In many cases, though, I do feel if close care is not taken in animal-protein-free diets, that it becomes difficult to consume adequate protein, limit excessive intake of soy products (which often are genetically modified and pesticide-laden, especially when added to prepared food products), and maintain normal glucose tolerance, neurotransmitter and hormone balance.  Many have gone so far as to claim that animal protein causes cancer.  Perhaps the most famous example of this is Dr. T. Colin Campbell’s book, “The China Study.”  He conducted a large scale observational study in China which led him to make that conclusion.  However, there are many pitfalls that one gets into when using observational data to try to prove causality (i.e. you can make associations but you cannot prove causality because there are too many variables).  Smarter folks than me have dissected the study in detail so if you are interested, check out the work of Dr. Michael Eades, Denise Minger, Chris Masterjohn, and Anthony Colpo.

The unfortunate truth is that it is quite hard to get adequate nutrition from a vegetarian diet in general, and a vegan diet in particular.  Too much soy, a frequent protein source, can negatively affect thyroid function.  Depletion of minerals, B vitamins, amino acids and fat soluble vitamins can also be a problem.  Since the quality of our food has dropped significantly, whether it is fruits and vegetables or meat and dairy products,  our goal must be to seek out food sources that are unadulterated by chemicals, pesticides, synthetic fertilizers/additives,  contaminants,  growth hormones/steroids, and antibiotics.  The vision of the farms of old, with cows grazing in beautiful unsprayed pasture, hens running around freely ranging and pecking the ground, vegetables grown without the aid of Round-up, is not just a distant dream.  Depending on your area of the country, there are many people who are still producing food in this manner.  Our job is to find it, participate in it if we can, and support those who are devoting themselves to providing good, quality food for our consumption.  I know many farmers who would be open to bartering goods and services if you cannot afford the higher prices of this type of good food.  To me, I see it as aninvestment in my family’s health and vitality.  The fact that many in the city have no reliable source for food other than the cheap, processed, synthetic and chemical-laden products available at the corner store is a sad commentary on how we have neglected our health.  Pretty soon we are dealing with the fall out when our body starts to break down and we are constantly at the doctor’s office or in the hospital.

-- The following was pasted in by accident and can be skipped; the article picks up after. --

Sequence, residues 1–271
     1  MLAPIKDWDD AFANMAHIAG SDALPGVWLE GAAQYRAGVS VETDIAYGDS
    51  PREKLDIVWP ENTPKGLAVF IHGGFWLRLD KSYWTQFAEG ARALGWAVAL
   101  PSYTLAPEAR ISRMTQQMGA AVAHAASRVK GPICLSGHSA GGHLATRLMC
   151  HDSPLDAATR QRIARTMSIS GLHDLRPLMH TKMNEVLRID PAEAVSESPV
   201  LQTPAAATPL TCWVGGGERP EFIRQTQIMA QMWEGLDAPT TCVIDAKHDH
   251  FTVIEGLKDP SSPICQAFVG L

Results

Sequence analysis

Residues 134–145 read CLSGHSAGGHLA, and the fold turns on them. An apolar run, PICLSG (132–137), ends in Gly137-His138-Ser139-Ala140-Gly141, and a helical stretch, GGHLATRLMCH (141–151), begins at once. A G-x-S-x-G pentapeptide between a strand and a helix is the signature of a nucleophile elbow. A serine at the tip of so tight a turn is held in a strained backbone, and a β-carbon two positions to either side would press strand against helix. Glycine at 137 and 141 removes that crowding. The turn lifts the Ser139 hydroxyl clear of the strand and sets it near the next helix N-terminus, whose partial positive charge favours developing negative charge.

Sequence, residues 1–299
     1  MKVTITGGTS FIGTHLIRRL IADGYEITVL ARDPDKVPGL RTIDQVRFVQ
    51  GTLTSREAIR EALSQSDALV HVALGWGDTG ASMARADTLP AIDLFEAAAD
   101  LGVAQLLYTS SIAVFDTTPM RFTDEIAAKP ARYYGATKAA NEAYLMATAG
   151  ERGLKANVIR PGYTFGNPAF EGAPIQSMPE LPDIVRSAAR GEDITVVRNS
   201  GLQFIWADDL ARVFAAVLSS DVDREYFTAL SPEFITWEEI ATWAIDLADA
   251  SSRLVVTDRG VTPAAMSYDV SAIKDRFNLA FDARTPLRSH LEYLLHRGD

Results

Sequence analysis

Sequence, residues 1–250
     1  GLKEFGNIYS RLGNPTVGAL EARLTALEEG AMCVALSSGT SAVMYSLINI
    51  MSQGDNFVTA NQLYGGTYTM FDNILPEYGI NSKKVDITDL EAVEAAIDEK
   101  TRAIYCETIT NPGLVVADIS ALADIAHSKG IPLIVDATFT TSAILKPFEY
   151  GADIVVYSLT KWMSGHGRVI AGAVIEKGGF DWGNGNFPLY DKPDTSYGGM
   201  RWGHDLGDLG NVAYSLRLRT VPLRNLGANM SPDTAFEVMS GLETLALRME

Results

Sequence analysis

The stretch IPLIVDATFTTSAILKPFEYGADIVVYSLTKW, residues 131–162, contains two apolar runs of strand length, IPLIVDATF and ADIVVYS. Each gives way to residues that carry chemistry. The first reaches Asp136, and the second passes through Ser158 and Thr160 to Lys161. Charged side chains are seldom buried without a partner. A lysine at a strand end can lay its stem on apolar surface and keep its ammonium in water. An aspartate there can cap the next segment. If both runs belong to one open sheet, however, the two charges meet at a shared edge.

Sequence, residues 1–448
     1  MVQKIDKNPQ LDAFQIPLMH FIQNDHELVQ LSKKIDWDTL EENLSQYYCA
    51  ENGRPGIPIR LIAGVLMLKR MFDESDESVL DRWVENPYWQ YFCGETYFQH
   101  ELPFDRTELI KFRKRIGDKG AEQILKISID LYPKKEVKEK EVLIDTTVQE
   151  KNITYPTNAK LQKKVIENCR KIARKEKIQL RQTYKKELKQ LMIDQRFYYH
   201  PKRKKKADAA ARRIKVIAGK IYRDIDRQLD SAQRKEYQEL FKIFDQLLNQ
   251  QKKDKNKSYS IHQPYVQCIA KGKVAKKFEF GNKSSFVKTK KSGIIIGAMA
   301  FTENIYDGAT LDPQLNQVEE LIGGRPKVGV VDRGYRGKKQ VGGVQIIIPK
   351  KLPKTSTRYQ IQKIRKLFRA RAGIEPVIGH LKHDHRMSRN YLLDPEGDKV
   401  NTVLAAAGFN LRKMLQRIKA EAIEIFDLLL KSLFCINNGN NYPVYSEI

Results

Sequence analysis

HOW DO I BEGIN? Spend some time finding resources for accessing good quality food near you.  One of my favorite websites is www.eatwild.com which allows you to link up with local farms in your area.  Maybe you have a bit of a drive to get to them, but I strongly recommend that you support these local farmers who are committing themselves to providing great products.  And remember, the farmers’ markets, friends’ and family gardens, and the organic section of your local supermarket are all good places to start.

When I really began trying to identify how to improve my family’s diet, I started by eliminating as many convenience foods as possible.  I started with one fairly easy meal: breakfast.  As much as it is busy and crazy in the morning getting three boys ready for school (with more to follow), I realized that I couldn’t keep taking the easy way out (cold cereal).  So I started cooking breakfast with emphasis on protein (bacon/ sausage and eggs, multigrain pancakes with raw milk).  Now the kids complain if they have to eat cereal.

Next lunch.  Aw, school lunch, otherwise known in most schools as a nutritional wasteland.  I send a packed lunch several times a week.  If the food is halfway decent (like chicken and mashed potatoes), I will let them eat at school.  I try to keep snacks limited to fruit, popcorn, wheat cheese or peanut butter crackers.  For drinks, I will do a little fruit juice or water.  Yes, they do get some candy, but I try to emphasize dark chocolate or ice cream with real ingredients (like Haagen-Dazs or Ben & Jerry’s).  I feel that it’s important not to totally restrict any particular thing, because I think this causes kids to overly desire something they think is forbidden.  The idea is that when if you give your kids